Escape from the Planet of the Apes

1971

Action / Sci-Fi

107
Rotten Tomatoes Critics - Certified Fresh 78%
Rotten Tomatoes Audience - Spilled 53%
IMDb Rating 6.3 10 27675

Synopsis


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February 24, 2013 at 04:42 PM

Director

Cast

Ricardo Montalban as Armando
Roddy McDowall as Cornelius
Kim Hunter as Zira
720p.BLU 1080p.BLU
750.46 MB
1280*720
English
NR
23.976 fps
1hr 38 min
P/S 5 / 6
1.30 GB
1920*1080
English
NR
23.976 fps
1hr 38 min
P/S 4 / 12

Movie Reviews

Reviewed by a_chinn 6 / 10

Apes cycle of films begins to come full circle

The third film in the Apes series takes a new twist by not having humans crash land on a planet ruled by apes and instead has three apes crash land on modern day earth (or at least 1970s earth). The talking, intelligent apes become the toast of the town upon their arrival, but there are sinister government forces who fear them and believe them to be a threat to humanity. After a lot of light comedy during the first part of the film, the apes go on the run from the government agents who want to kill them. Escape is one of the weaker Apes film, but it is interesting that the villains of the picture are actually correct (if you've seen the other films in the series) in that the apes do eventually take over the world, although it's humanity's fault, due to their own fear and distrust. However, those more interesting of topics are not covered in this film and it is instead a fish-out-of-water comedy for the first and second acts and a not especially exciting of chase film for the final act. The first "Planet of the Apes" film, written by Rod Serling, more interestingly addressed this idea of who's the real bad-guy in the original film's conclusion, where the villainous Dr. Zaius is revealed to know the truth behind humankind destroying itself, and that intelligent humans would genuinely pose a threat to the Ape world, as unequal, backwards, and flawed as that society may be. Roddy McDowall and Kim Hunter return as Cornelius and Zira, and you also get Albert Salmi, M. Emmet Walsh, Ricardo Montalban in a nice cameo leading to sequels to come, and Sal Mineo briefly appearing as an ape (he apparently did not like the ape make-up and asked to be written out of the script). Jerry Goldsmith also returns to provide the film an excellent rousing score. Overall, this isn't that good of an Apes film, but it is still entertaining.

Reviewed by gavin6942 6 / 10

An Odd Message

The world is shocked by the appearance of three talking chimpanzees, who arrived mysteriously in a U.S. spacecraft. They become the toast of society, but one man believes them to be a threat to the human race.

The "Apes" series gets more strange as it goes on, and the messages it uses are a bit blunt. We get environmental issues and political topics, sometimes with a discussion of race that is pretty blunt (the whole slavery thing is not subtle at all).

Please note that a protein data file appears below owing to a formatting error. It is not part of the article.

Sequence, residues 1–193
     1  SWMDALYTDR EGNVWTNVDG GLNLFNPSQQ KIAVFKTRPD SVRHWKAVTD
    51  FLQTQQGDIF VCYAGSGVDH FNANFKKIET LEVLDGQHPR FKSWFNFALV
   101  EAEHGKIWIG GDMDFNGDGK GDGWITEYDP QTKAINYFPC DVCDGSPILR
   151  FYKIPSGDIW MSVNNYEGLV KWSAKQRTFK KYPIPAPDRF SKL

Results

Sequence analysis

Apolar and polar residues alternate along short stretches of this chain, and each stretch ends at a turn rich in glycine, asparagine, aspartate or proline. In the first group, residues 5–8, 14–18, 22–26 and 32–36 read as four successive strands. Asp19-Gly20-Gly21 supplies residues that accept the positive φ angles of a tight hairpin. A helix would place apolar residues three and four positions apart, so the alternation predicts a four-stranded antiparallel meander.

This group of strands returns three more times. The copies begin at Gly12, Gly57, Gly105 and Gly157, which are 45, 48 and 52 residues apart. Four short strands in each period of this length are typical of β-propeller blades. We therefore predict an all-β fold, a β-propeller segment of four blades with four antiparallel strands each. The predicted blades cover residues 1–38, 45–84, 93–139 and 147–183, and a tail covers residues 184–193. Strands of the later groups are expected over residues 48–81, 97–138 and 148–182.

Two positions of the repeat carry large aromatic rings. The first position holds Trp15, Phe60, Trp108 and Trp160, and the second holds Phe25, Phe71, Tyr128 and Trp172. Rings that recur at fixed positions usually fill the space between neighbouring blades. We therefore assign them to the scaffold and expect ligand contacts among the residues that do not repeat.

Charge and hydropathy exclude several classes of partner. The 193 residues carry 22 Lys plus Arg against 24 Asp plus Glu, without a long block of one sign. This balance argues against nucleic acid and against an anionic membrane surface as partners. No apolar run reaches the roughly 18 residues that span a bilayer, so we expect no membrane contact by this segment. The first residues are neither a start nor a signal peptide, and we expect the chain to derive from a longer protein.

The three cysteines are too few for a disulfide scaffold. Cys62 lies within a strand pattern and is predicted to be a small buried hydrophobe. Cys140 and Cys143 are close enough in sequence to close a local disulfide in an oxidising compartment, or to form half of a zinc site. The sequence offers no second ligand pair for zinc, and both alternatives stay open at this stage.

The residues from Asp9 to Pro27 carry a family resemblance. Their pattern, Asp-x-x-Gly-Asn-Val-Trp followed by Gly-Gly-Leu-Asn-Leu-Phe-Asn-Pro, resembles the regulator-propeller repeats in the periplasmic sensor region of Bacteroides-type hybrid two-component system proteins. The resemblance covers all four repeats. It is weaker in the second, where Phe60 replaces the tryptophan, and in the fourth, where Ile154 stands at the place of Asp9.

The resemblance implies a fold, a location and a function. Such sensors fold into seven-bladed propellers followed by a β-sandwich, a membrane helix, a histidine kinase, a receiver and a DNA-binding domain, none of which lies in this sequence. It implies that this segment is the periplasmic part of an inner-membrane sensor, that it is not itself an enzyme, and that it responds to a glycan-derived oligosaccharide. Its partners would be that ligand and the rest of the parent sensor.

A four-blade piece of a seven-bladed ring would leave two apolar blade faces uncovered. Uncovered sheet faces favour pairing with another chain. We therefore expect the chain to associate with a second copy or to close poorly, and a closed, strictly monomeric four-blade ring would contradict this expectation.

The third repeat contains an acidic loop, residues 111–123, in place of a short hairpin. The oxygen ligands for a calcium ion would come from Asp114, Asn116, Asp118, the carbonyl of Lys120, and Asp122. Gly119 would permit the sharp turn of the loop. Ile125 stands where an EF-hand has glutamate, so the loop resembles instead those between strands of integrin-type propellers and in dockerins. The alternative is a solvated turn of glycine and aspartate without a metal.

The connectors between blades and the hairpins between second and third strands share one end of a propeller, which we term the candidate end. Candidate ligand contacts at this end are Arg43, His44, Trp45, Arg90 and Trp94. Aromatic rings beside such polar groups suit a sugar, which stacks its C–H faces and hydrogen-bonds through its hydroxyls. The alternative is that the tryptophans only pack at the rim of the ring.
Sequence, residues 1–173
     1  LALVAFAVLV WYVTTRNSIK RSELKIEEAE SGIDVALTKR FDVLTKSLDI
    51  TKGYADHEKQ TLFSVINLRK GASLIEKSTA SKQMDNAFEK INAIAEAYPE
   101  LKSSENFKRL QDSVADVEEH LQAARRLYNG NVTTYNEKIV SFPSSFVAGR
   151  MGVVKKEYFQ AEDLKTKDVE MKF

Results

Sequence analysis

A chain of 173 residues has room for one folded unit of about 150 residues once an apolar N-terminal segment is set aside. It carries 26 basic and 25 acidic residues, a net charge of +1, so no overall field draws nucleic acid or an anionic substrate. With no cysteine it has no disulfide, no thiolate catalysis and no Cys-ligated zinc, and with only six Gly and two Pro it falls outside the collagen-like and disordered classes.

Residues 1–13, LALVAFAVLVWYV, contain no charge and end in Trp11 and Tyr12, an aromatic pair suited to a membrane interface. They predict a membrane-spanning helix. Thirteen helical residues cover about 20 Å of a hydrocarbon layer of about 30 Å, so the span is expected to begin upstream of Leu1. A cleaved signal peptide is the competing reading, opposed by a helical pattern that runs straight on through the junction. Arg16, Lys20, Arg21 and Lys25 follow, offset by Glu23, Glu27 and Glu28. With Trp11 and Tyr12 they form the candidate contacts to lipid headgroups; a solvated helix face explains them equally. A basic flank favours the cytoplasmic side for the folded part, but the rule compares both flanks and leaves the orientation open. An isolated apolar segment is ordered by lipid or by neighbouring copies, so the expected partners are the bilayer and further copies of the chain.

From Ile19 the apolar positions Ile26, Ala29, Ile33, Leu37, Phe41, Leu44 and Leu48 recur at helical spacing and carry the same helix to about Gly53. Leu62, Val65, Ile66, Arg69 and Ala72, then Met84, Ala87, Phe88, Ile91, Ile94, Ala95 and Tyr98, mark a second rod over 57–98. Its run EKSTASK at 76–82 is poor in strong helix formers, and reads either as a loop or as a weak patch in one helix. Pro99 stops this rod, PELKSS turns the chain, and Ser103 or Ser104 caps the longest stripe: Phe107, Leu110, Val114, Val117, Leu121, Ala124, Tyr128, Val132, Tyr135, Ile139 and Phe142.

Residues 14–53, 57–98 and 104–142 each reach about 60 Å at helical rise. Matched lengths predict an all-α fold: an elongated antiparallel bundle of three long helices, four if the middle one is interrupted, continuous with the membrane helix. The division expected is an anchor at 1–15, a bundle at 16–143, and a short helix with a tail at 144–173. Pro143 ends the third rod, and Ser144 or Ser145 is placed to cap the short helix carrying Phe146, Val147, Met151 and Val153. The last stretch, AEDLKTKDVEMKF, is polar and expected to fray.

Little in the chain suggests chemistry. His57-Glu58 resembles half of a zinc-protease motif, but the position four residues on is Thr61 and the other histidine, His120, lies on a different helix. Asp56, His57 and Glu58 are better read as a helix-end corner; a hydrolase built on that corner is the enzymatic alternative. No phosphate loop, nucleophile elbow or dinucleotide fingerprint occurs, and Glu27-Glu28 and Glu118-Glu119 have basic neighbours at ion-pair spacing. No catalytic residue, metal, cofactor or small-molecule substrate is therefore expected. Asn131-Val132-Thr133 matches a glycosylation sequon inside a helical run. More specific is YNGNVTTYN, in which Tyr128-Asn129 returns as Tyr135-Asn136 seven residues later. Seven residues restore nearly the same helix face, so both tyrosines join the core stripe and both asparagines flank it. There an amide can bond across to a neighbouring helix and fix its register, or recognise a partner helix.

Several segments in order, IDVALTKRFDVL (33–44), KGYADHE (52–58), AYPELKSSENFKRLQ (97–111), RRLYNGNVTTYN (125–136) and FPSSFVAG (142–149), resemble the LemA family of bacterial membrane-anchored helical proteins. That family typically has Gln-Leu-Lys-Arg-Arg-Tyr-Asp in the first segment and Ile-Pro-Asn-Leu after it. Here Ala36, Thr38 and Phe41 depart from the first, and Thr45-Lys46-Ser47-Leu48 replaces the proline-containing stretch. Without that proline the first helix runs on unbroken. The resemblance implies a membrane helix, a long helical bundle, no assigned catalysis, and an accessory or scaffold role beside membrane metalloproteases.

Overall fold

This one even has religious themes, though they do actually hide those somewhat well. It may be blasphemous to compare the president to Herod the Great and Cornelius to Joseph (father of Jesus), but this film goes there. And it is actually pretty clever.

Reviewed by tankace 7 / 10

Quit a weird way to bring a franchise back in action ,but it worked!

Well after the critical under performance of Beneath the Planet of the Apes, we go to Escape,when in the today's world (seventies) a spacecraft crash lands and three talking chimpanzees come out, the two are Zira and Cornelius from the first two films.

I have to say this film is weird and the creators definitely knew that and so the whole thing is a examinations of our ape heroes and their origin, which is surprising both thoughtful and interesting pointing out also the predestination paradox, theories of who a civilization is created and then more or less forgets its origins, which is not uncommon, see the Greek, Hindu, Egyptian and Chinese civilizations, they existed for so long that even they have little to no clue how they came to be.

Also we see the beginning of the humans anxiety correlated with the seeming danger of them been replaced by the smart apes. So this film is both a sequel and a prequel and it is difficult putting the time-line in order. Again we see another repeat of history here, with the X-men films, another franchise in which the time-line of events is fussy to say the least and flipping confusing to be brutally honest.

Overall an enjoyable film and by default in the top 3 of the original trilogy as the previous installment and Battle aren't very good as movies overall.

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